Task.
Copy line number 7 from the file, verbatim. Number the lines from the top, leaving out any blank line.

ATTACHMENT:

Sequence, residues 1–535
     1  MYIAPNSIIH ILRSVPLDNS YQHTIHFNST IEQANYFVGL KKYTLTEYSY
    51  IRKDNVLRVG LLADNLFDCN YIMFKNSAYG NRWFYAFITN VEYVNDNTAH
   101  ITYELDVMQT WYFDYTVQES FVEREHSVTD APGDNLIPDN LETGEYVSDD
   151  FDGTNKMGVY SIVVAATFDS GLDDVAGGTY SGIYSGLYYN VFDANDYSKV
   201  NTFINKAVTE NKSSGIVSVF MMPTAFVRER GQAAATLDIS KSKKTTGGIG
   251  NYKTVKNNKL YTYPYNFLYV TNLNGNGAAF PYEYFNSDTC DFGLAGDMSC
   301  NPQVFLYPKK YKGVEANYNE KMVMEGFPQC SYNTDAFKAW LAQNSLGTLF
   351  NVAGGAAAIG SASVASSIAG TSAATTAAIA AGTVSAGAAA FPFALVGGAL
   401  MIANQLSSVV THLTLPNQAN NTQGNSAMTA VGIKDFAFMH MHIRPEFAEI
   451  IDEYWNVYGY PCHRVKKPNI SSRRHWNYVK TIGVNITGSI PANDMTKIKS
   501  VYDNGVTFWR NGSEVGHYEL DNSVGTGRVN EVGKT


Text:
   251  NYKTVKNNKL YTYPYNFLYV TNLNGNGAAF PYEYFNSDTC DFGLAGDMSC